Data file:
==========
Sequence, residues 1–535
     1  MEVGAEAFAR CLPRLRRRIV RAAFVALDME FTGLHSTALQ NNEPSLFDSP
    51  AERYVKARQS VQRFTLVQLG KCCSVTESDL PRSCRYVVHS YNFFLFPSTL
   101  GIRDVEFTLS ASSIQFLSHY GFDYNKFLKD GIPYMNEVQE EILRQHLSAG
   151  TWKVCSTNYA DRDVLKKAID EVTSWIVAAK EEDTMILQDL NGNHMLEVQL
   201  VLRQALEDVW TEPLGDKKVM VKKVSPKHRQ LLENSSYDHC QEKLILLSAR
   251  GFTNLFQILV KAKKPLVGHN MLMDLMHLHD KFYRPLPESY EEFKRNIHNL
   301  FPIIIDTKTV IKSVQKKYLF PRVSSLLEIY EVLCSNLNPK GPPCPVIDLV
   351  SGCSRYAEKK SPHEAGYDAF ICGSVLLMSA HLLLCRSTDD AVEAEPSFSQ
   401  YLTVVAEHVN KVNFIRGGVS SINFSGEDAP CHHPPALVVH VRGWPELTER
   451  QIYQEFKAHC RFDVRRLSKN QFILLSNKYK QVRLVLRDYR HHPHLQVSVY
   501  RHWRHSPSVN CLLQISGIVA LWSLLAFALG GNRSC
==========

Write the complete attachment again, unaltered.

Sequence, residues 1–535
     1  MEVGAEAFAR CLPRLRRRIV RAAFVALDME FTGLHSTALQ NNEPSLFDSP
    51  AERYVKARQS VQRFTLVQLG KCCSVTESDL PRSCRYVVHS YNFFLFPSTL
   101  GIRDVEFTLS ASSIQFLSHY GFDYNKFLKD GIPYMNEVQE EILRQHLSAG
   151  TWKVCSTNYA DRDVLKKAID EVTSWIVAAK EEDTMILQDL NGNHMLEVQL
   201  VLRQALEDVW TEPLGDKKVM VKKVSPKHRQ LLENSSYDHC QEKLILLSAR
   251  GFTNLFQILV KAKKPLVGHN MLMDLMHLHD KFYRPLPESY EEFKRNIHNL
   301  FPIIIDTKTV IKSVQKKYLF PRVSSLLEIY EVLCSNLNPK GPPCPVIDLV
   351  SGCSRYAEKK SPHEAGYDAF ICGSVLLMSA HLLLCRSTDD AVEAEPSFSQ
   401  YLTVVAEHVN KVNFIRGGVS SINFSGEDAP CHHPPALVVH VRGWPELTER
   451  QIYQEFKAHC RFDVRRLSKN QFILLSNKYK QVRLVLRDYR HHPHLQVSVY
   501  RHWRHSPSVN CLLQISGIVA LWSLLAFALG GNRSC